Results

    Characteristics of Participants

    Table 1 summarizes participants’ characteristics. Of the 40 healthy participants, 50% (n=20) were men, and the mean (SD) age was 24.7 (5.2) years. The median von Luschan skin color among participants was 23 (IQR 19-25); the lightest skin color was 14 and the darkest was 27. Male participants had a higher body mass index, resting systolic blood pressure (SBP), and resting diastolic blood pressure (DBP) than the female participants. There were no significant differences in postexercise SBP and DBP between the sexes. The median backdrop and background light intensity during signal acquisition was 199 lux (IQR 127-249).

    Table 1. Baseline characteristics of the study participants.
    View this table

    Fingertip PPG-Estimated Heart Rate

    We analyzed 80 averaged resting HR values from 234 PPG measurements, and overall 397 postmoderate- and postvigorous-intensity exercise HR values.

    For resting HR, the Cardiio app captured 6% (5/80) of HR values ≥100 beats/min, and the mean (SD) HR was 73.41 (12.60) beats/min (range 52.67-112 beats/min) (Table 2). The mean (SD) difference in HR between fingertip PPG measurements and the reference ECG was –0.05 (1.03) beats/min (P=.69, paired t test; Table 3).

    Table 2. Comparison of heart rates (HRs) measured by electrocardiogram (ECG), and fingertip and facial photoplethysmography (PPG).
    View this table
    Table 3. Accuracy of measuring heart rate (HR) using Cardiio smartphone app compared with reference electrocardiogram.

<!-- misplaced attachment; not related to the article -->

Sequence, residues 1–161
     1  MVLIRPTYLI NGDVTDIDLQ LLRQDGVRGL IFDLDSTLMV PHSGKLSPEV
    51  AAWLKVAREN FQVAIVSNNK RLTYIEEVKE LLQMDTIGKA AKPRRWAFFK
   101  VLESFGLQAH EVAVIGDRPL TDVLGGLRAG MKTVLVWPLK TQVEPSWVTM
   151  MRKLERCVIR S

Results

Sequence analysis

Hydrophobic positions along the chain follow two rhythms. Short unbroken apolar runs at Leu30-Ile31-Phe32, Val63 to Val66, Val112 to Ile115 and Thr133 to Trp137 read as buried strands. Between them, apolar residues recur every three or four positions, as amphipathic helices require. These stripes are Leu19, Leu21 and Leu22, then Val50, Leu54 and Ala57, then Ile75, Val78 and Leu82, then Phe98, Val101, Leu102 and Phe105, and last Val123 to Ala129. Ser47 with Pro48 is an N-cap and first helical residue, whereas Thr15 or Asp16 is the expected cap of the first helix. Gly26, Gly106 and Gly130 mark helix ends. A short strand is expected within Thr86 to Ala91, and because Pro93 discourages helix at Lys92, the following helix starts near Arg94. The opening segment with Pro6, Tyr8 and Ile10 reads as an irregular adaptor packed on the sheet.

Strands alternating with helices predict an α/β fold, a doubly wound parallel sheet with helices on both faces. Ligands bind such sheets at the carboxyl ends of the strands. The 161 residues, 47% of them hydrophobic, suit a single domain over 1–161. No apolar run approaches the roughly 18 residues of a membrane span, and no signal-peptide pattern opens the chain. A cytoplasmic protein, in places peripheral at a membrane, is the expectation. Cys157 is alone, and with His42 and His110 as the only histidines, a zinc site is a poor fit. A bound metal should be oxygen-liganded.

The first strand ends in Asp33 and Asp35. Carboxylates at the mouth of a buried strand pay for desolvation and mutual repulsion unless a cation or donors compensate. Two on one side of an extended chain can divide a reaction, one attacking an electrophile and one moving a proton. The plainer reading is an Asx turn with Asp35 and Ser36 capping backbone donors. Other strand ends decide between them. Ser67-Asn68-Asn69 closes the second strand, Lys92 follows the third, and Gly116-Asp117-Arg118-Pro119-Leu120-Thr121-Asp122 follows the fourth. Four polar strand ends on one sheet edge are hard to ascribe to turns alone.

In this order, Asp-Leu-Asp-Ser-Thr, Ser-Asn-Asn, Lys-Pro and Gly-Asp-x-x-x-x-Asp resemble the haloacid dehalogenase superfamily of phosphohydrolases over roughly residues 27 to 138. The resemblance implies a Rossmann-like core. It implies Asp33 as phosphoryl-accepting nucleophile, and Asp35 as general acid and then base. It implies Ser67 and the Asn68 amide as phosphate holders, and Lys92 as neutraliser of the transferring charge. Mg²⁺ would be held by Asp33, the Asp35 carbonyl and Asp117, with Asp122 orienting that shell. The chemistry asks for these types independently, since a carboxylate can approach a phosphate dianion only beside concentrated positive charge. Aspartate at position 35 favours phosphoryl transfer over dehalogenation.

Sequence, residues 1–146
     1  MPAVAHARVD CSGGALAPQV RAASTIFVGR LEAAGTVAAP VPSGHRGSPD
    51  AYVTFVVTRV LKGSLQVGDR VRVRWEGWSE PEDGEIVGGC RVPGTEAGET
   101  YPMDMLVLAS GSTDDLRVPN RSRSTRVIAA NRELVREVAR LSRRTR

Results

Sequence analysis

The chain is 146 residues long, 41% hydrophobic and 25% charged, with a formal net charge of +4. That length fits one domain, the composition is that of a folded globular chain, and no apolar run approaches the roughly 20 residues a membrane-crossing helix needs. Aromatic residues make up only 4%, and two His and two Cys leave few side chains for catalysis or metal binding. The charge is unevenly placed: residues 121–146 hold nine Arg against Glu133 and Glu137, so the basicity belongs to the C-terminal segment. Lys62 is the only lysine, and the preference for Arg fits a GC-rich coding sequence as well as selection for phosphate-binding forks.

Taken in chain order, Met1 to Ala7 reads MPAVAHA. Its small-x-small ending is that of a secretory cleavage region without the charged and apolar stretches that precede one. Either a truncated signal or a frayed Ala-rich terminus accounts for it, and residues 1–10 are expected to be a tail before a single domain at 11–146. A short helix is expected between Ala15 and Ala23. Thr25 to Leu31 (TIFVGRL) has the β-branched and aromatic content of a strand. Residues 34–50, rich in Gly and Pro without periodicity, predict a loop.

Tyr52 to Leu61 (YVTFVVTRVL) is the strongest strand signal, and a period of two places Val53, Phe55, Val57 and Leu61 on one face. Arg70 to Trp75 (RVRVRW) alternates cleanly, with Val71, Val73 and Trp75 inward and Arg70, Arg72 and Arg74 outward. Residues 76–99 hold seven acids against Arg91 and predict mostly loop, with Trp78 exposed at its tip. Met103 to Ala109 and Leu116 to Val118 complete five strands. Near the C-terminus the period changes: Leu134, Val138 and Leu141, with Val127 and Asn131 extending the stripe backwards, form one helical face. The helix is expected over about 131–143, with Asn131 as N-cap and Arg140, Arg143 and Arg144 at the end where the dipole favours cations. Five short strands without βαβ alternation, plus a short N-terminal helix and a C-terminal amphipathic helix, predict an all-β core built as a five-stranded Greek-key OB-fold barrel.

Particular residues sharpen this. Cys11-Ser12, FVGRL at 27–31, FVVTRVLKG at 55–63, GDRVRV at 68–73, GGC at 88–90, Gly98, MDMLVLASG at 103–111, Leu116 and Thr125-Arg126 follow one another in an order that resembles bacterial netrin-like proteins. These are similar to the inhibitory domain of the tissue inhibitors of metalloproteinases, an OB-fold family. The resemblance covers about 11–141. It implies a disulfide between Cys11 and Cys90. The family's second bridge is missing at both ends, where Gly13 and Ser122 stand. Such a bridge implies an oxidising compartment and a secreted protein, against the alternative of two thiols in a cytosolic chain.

View this table

    The mean (SD) HR of postmoderate-intensity exercise was 89.97 (19.95) beats/min (range 50-145 beats/min) with 28.2% (50/177) of HR values ≥100 beats/min captured by the Cardiio app. For postvigorous-intensity exercise, the mean (SD) HR was 105.12 (19.91) beats/min (range 57-157 beats/min) with 60.5% (133/220) of HR values ≥100 beats/min captured (Table 2). The mean (SD) differences in HR between fingertip PPG measurements and the reference ECG were –0.36 (2.14) beats/min (P<.05) for postmoderate-intensity exercise and –0.18 (2.02) beats/min (P=.19) for postvigorous-intensity exercise (Table 3).

    Table 4 shows correlation coefficients of HR between the Cardiio smartphone app and the reference ECG. Fingertip PPG-estimated HRs were strongly correlated with ECG HR at rest (r=.997, P<.001; RMSE=1.03 beats/min or 1.40%), postmoderate-intensity exercise (r=.994, P<.001; RMSE=2.15 beats/min or 2.53%), and postvigorous-intensity exercise (r=.995, P<.001; RMSE=2.01 beats/min or 1.93%), as Figure 2 illustrates.

    Table 4. Correlation test (r)a of heart rate between reference electrocardiogram (ECG) and Cardiio smartphone app.
    View this table

    Figure 3 presents the Bland-Altman plots with 95% limits of agreement. The Cardiio smartphone app had 95% of resting HR measurements fall within –1.98 and +2.07 beats/min, while postexercise HR measurements were within –3.81 and +4.32 beats/min.